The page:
In this follow up post to the first look I wrote on the Trek Crockett, I’m going to start by saying that I’ve enjoyed this bike enough that I’ve now bought it. When Trek got in contact to ask if I was ready to return the bike, I decided that I’d rather get my credit card out than box it up and send it back
Since my first look post, I’ve spent more time out riding the Crockett in a variety of terrains and situations. I’ve spent more time off road and also I’ve swapped out the stock Bontrager wheels and tyres out for some Kinesis Racelight Disc wheels with 28mm Continental GP4000S II tyres and done some winter road riding too. For me the Crockett continued to perform in every type of riding.
On the road it was lots of fun. The Kinesis wheels are very good and the 28mm GP4000S II are comfy and quick. I rode the Crockett hard on a group ride with some friends, who were mainly on aero bikes with deep section wheels and I had a lot of fun trying to keep up. Although outgunned by faster lighter aero machinery, the Crockett was a fine companion on the road.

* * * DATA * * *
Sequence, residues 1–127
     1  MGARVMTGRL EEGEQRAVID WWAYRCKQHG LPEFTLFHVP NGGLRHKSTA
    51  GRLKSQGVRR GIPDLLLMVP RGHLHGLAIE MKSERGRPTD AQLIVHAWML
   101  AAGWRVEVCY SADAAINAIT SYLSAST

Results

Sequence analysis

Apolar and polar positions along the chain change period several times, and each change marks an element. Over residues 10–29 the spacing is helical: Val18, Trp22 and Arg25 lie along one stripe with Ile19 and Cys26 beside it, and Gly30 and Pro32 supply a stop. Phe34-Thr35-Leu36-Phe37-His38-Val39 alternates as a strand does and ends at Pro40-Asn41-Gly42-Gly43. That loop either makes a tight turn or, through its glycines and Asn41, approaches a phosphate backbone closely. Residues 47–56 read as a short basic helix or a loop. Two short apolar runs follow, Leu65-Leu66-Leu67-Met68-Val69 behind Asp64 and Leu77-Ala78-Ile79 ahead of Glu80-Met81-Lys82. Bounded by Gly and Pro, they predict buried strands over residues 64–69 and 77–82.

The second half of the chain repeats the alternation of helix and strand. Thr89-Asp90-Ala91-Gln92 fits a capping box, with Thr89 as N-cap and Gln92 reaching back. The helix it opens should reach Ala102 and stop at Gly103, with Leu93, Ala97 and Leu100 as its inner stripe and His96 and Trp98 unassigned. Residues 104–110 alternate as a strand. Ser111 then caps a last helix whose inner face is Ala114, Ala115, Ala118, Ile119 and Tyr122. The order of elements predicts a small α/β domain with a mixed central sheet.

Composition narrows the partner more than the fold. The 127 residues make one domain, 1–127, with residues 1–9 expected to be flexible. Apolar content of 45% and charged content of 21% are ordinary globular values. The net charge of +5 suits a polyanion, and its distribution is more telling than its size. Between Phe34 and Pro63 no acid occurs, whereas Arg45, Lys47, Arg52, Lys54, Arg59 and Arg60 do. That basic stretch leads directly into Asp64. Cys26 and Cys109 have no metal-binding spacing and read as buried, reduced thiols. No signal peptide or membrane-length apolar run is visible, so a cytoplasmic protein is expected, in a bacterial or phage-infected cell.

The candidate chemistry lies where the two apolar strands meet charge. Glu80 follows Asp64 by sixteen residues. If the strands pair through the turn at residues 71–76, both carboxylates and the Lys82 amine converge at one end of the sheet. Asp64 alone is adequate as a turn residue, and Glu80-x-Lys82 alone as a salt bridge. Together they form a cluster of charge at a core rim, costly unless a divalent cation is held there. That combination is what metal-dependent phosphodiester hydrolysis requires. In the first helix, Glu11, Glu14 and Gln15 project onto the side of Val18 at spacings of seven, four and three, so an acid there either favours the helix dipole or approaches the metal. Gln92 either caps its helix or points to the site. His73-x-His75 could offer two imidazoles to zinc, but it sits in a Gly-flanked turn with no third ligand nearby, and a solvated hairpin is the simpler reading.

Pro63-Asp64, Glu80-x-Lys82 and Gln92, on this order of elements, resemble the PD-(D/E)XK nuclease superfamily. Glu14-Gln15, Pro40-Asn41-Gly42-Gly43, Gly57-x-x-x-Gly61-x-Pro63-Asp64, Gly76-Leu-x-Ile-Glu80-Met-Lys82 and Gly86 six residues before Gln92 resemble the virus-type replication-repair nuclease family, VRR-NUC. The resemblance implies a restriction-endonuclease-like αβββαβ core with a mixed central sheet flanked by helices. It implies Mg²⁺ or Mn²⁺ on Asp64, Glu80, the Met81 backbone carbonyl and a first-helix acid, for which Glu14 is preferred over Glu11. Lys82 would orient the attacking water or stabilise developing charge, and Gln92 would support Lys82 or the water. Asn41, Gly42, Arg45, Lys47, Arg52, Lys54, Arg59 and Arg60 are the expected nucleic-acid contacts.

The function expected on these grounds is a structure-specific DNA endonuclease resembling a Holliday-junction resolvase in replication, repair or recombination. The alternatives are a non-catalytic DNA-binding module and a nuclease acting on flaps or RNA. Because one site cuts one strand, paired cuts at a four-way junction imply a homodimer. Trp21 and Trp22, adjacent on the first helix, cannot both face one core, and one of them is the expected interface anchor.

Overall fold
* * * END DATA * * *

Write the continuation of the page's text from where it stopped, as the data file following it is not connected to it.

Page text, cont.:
A key reason why I’ve taken the plunge and bought it is that I’ve really enjoyed the geometry. As I mentioned in my first look post, it’s not quite as long and low as many other options out there and after a recent bike fit, I’ve been looking for shorter reach and a higher stack in any bike that I’m considering adding to my own fleet.
As you can see, compared to my current road bike benchmark (the NeilPryde Nazare/Alize), the reach of the Crockett is only 2mm longer and stack is 6mm higher and this works really well for me. The size 56cm Crockett even shipped with a 100mm stem making me feel comfortable on the bike from day one as I use same stem length on my road bike.